A tiny little country nested on the coast of West Africa, Senegal’s dynamic history and cultural diversity has set it apart from several other developing countries in Africa.
Recently declared an independent state from France in 1960, Senegal has been able to hold onto its myriad of cultural roots and reflect its ethnic variety through music, cuisine, and an ancient storytelling tradition.
As a member of the African Union and The Economic Community of West African States, Senegal has established itself as a growing international nation. While the benefits of completing an internship in Senegal may not be the first thing that comes to mind, the country has much to offer. With a budding economy and growing international recognition, Senegal offers some unique internship opportunities for those willing to step out of the box, and experience something completely exciting and new.Photo credit: SirisVisual.
There are several internship opportunities related to human rights advocacy in Senegal. Interns and volunteers can have the chance to learn about Senegal’s intentional legal system and talk to experts in the human rights field. Senegal is a great place to make your difference in the world, all under the guidance of a local human rights group and organized internship program.
International Business and Development
Although Senegal is not well known in the U.S., many entrepreneurs and investors from Europe pay close attention to developing business opportunities in Senegal. As a relatively developed country in Africa, Senegal is a great place to test out the waters for new business. If you are interested in business, international relations, or development, Senegal is the place to go! Internship opportunities in business development will vary based on different internship program providers.
When and Where to Look for an Internship
Many internships in Senegal are relatively flexible in terms of their duration. Depending on the type of internship you have, you may choose to intern in Senegal over the summer, during a semester, or for an entire year. Some internship projects tend to be more long-term, and extend past the period of one semester.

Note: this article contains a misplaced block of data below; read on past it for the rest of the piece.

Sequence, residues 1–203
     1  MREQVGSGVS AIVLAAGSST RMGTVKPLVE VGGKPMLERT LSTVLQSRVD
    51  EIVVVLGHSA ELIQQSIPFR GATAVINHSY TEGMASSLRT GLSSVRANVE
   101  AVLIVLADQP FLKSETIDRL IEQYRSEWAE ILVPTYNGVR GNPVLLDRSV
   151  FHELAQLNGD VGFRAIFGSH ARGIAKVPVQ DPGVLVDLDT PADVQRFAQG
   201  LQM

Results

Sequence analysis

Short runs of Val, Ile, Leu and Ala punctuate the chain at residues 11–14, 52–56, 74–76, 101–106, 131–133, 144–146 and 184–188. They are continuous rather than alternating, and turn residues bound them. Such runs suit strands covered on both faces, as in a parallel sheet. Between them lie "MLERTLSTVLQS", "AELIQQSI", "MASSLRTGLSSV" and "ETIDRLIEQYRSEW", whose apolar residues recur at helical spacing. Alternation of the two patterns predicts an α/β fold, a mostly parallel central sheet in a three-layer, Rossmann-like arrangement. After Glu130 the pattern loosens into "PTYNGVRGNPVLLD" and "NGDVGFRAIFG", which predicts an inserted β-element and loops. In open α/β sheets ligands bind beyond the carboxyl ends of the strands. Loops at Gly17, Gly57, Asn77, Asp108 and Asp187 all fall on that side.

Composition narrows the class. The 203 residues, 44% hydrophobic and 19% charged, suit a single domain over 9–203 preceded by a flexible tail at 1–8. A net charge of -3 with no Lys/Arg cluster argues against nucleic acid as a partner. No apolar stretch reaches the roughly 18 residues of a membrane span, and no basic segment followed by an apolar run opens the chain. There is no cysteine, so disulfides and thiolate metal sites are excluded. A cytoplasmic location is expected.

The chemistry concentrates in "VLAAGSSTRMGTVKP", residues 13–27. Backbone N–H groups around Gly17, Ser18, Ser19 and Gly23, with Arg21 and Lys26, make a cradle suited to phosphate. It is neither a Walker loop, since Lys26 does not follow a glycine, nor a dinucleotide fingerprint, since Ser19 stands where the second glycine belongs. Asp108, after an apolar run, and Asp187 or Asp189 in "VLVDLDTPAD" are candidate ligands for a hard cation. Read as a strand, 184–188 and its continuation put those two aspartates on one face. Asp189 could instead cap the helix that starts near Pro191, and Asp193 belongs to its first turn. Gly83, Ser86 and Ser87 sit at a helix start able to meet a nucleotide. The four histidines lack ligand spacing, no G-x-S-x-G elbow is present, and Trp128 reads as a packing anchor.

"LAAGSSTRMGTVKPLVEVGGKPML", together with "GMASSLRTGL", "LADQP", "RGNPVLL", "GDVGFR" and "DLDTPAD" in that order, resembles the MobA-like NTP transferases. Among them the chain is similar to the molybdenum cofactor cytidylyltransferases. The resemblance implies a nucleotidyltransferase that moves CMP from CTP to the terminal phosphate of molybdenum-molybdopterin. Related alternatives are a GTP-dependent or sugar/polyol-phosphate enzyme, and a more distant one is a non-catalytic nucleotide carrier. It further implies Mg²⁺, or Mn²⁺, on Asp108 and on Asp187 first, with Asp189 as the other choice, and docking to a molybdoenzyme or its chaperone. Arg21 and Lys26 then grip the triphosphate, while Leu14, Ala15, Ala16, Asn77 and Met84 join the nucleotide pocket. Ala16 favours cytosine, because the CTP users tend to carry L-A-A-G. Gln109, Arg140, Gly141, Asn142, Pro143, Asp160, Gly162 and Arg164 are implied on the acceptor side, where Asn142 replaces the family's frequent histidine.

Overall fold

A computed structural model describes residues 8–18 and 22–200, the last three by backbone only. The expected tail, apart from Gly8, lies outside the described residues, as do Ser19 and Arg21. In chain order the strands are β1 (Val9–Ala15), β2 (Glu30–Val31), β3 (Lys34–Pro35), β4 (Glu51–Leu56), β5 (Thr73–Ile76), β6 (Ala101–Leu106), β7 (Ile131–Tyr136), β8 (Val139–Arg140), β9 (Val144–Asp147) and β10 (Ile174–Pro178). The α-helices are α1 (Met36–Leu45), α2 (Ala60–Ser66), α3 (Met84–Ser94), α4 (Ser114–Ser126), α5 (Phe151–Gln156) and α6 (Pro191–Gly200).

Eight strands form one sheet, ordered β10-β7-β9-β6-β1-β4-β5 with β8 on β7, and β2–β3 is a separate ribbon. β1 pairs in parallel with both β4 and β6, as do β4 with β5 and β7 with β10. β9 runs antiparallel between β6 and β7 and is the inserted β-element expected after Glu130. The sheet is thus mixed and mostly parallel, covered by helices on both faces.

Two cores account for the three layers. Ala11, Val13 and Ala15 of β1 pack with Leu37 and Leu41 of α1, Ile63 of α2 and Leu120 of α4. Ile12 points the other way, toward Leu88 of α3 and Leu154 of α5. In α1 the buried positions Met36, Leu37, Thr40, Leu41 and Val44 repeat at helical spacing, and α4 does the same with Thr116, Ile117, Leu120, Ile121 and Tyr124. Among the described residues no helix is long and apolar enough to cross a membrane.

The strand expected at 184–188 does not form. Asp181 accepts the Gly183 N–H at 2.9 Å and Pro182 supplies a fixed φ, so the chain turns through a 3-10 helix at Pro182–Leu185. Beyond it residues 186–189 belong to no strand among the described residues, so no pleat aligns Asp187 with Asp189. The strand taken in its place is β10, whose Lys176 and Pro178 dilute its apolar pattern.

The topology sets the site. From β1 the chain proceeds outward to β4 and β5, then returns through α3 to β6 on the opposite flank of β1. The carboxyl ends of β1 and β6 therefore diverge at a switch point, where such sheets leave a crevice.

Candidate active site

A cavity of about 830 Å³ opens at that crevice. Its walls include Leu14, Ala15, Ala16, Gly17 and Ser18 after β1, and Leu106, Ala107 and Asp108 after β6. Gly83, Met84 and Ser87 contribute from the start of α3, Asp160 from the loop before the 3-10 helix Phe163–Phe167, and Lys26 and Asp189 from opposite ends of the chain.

The easiest way to intern in Senegal is to apply to an internship program. These programs often have pre-established relationships with local businesses and organizations, as well as other resources to ease your transition in Senegal. Be sure to do your research and ask any questions you have early on.
Cost of Living in Senegal
The cost of living in Senegal is much less than that in the U.S. With the conversion rate of 1 CFA Franc BCEAO (XOF) approximately equal to 0.00198 U.S. dollars, most travelers from abroad will not find themselves with any financial burden. With that said, living in the city center in Dakar will still be noticeably more expensive compared to other towns. International products also tend to be more costly.
Here are some examples of costs in Senegal are reported with the estimated U.S. Dollar equivalent to avoid giving you a headache. For a detailed breakdown of costs in Senegal, see NUMBEO.
- 1 bedroom apartment in City Center: $860
- 1 pair of jeans: $98
- 1 bottle of water: $1.33
- 1 way transportation ticket: $0.50
Work and Labor Laws in Senegal
Most of the attention to Senegal’s labor laws has been directed to the country’s newer policies and programs to eliminate child labor. Issues with Senegal’s work and labor conditions have inspired many human rights platforms and projects. With that said, most internships in Senegal are unpaid, especially since the country is still battling high unemployment rates.
The majority of Senegal’s population is Muslim, and observant of Islamic tradition. The influence of religion is extremely noticeable in the culture: the Senegalese place high value on hospitality and positive communication. Greetings are an extremely important aspect of Senegalese culture, as well as a sign of respect, so be sure to shake hands with everyone whenever you walk into a new space.
Also, always use your right hand when you eat or shake hands with others to avoid disrespect, and avoid confrontation at all costs. The Senegalese people are extremely friendly and polite, although they tend to communicate with each other rather indirectly.
Due to Senegal’s heavy French influence, French remains the official language of the country, and is often used in schools and businesses. However, Wolof, a native language of some Senegalese people, is more prominently spoken in local atmospheres. In that respect, it may be easiest to first brush up on your French, and then take on the challenge of picking up bits of Wolof to help with you cope with any communication woes.
Building personal relationships with your fellow interns and co-workers is simply another great way to get to know more people and possibly learn more about a different worldview. Professional networking is also quite popular, especially in the major cities such as Dakar. Some internship programs may provide special networking opportunities for interns to meet with professionals or work directly with them.